Intermediate Financial Accounting I
In this intermediate course, students build on the foundations established in an introductory accounting course such as BBUS 2211, ACCT 1211 or ACCT 1221. Students undertake an in-depth analysis of the asset side of the balance sheet. Key elements of this course are understanding the treatment in accor¬dance with Generally Accepted Accounting Principles (GAAP) and International Finance Reporting Standards (IFRS) of cash, temporary investments, receivables, inventories, long-term investments, and capital assets. Also discussed are the accounting concepts underlying GAAP, with particular emphasis on the revenue recognition prin-ciple, as well as an introduction to some of the accounting issues underlying the form and content of the primary financial statements: the income statement, the statement of retained earnings, and the balance sheet. (CA, CGA, CMA, PMAC)
BBUS 2211, or ACCT 1211 and ACCT 1221. MATH 1071 or a similar introduction to the mathematics of finance is also recommended.
By the time you have finished your work in this course, you should be able to:
- Describe what generally accepted accounting principles (GAAP) and International Financial Reporting Standards (IFRS) are and how to apply them.
- Explain the application of the basic principles of accounting.
- Explain the uses and limitations of an income statement.
- Explain the uses and limitations of the balance sheet.
- Apply the correct revenue recognition method to different situations.
- Indicate how cash is reported on the balance sheet.
- Explain accounting issues related to the recognition, valuation, and disposition of accounts receivable.
- Distinguish between perpetual and periodic inventory systems.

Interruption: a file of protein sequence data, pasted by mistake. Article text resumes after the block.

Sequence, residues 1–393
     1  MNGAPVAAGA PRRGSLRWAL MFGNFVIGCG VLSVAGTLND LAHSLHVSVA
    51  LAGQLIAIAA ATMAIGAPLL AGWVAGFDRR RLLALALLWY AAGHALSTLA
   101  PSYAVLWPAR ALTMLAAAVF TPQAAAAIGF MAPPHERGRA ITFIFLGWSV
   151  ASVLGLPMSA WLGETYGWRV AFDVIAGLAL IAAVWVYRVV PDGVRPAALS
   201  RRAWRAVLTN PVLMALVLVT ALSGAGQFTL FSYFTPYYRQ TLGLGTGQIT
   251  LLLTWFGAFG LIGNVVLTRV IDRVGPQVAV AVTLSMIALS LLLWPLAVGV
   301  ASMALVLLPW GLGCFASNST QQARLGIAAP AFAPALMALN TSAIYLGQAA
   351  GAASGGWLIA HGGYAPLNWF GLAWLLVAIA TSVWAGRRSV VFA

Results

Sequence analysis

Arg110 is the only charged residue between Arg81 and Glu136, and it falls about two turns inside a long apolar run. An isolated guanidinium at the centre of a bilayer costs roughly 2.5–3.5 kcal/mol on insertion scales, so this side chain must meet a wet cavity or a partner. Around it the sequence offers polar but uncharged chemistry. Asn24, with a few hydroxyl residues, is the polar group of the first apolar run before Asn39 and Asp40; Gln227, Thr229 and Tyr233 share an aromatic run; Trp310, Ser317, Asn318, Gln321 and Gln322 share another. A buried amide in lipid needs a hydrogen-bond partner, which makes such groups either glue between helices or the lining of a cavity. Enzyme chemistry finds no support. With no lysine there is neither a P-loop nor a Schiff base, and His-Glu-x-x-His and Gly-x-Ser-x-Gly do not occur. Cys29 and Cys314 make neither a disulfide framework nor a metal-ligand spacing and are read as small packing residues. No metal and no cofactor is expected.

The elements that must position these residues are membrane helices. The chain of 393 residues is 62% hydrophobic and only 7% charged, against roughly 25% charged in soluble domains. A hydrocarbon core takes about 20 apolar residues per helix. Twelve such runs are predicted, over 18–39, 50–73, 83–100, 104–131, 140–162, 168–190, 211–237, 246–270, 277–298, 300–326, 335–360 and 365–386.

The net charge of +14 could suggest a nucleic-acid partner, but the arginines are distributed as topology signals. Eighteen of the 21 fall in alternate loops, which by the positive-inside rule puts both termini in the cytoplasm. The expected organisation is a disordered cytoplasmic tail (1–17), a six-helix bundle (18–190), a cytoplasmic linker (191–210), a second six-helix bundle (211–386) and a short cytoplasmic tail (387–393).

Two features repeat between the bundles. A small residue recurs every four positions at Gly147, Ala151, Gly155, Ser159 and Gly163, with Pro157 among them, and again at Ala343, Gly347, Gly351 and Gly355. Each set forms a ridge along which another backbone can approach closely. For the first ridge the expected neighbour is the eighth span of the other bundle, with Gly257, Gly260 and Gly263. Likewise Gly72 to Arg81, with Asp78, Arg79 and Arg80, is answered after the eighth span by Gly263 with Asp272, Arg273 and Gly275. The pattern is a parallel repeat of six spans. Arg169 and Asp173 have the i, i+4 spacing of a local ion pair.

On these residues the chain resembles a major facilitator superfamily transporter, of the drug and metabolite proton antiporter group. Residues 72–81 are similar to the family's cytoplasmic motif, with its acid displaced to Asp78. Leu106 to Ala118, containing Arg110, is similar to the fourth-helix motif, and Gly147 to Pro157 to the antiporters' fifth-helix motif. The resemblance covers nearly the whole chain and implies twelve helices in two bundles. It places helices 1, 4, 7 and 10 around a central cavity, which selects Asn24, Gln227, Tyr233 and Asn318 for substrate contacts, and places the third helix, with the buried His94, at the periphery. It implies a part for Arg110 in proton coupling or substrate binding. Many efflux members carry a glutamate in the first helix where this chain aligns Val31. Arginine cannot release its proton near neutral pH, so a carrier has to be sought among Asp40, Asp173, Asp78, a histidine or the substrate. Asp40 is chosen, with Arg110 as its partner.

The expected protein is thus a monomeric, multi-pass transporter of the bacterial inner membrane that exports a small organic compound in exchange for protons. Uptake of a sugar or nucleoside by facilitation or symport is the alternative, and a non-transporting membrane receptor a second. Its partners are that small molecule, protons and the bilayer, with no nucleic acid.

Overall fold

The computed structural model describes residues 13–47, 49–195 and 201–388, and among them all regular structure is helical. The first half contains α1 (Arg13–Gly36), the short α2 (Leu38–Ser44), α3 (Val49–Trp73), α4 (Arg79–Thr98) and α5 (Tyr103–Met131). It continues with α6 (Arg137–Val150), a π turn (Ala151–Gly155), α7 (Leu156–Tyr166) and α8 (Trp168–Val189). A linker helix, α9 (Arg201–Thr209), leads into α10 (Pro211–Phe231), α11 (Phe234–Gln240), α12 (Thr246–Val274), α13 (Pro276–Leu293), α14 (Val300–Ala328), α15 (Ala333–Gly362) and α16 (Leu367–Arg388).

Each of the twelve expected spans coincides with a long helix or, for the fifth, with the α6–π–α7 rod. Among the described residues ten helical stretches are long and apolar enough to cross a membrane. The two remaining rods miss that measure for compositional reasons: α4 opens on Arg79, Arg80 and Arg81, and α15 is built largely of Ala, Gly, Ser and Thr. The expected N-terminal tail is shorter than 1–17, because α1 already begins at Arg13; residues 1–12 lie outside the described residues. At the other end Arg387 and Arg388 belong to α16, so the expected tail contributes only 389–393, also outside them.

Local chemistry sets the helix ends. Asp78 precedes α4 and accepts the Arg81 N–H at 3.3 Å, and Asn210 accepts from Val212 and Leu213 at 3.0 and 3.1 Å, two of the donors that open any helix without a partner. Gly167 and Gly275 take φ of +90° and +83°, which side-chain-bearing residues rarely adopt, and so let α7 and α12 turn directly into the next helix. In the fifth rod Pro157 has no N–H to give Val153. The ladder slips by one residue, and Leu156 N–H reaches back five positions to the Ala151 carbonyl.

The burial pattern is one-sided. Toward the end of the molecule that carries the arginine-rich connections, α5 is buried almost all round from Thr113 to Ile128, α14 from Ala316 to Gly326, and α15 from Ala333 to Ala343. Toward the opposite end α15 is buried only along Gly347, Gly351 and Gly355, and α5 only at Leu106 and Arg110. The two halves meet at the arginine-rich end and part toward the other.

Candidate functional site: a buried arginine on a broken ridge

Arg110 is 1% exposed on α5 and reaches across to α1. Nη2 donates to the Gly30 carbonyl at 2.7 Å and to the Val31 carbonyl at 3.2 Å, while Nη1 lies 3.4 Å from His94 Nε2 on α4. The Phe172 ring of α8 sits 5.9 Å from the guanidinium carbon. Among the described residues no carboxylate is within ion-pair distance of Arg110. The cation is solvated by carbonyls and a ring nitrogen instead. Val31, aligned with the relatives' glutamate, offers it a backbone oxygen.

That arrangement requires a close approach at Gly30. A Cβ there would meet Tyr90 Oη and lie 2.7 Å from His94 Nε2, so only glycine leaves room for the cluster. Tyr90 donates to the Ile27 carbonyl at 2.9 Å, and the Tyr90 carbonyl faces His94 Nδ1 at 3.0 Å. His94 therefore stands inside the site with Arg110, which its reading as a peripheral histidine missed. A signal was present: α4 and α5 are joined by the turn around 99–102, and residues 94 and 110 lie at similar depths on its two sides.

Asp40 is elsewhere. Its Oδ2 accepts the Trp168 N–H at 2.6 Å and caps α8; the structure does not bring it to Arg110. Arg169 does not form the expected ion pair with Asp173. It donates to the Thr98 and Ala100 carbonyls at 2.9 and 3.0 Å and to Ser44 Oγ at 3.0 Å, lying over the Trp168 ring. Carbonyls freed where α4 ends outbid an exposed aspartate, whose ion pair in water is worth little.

- Identify items that should be included as inventory cost.
- Demonstrate the application of lower of cost and net realizable value.
- Apply the appropriate accounting treatment for short-term and long-term investments.
- Identify the acquisition costs of land, buildings, and equipment.
- Apply the various methods of amortization.
- Prepare financial statement disclosures for capital assets and their related amortization.
- Explain the accounting issues related to asset impairment.
- Describe the characteristics of intangible assets.
- Apply the procedure for valuing and amortizing intangible assets.
- Understand the International Accounting Standards
- A Conceptual Framework
- Reporting Financial Performance
- Financial Position
- Revenue Recognition
- Cash and Receivables
- Property, Plant, and Equipment (PPE)
- Depreciation, Impairment, and Disposition.
- Intangible Assets and Goodwill
Required Text and Materials
Kieso, D. E., Weygandt, J. J., Warfield, T. D., Young, N. M., & Wiecek, I. M. Intermediate Accounting (Volume 1)
. 9th Canadian Edition. John Wiley and Sons Canada Ltd. , 2010.
Type: Textbook. ISBN: 9780470680896
A suitable financial calculator.
Computer with Internet access, MS Office 2007 or higher, and Microsoft Excel with Solver function .
Refer to "Course Delivery Formats" in the TRU-OL Calendar or on the TRU-OL web site for computer requirements (see: http://www.tru.ca/distance/services/online_courses.html#web).
The textbook publisher offers a Companion Website with student resources that may be used. Some elements of the course will require access to this student resource site.
Open Learning Faculty Member Information
An Open Learning Faculty Member is available to assist students. Primary communication is through Blackboard's "Mail" tool or by phone. You will receive the necessary contact information when you start your course.
In order to successfully complete this course, you must obtain at least 50% on the mandatory final examination and 50% overall. It is strongly recommended that students complete all assignments in order to achieve the learning objectives of the course.
Your final grade for the course is determined on the following basis:
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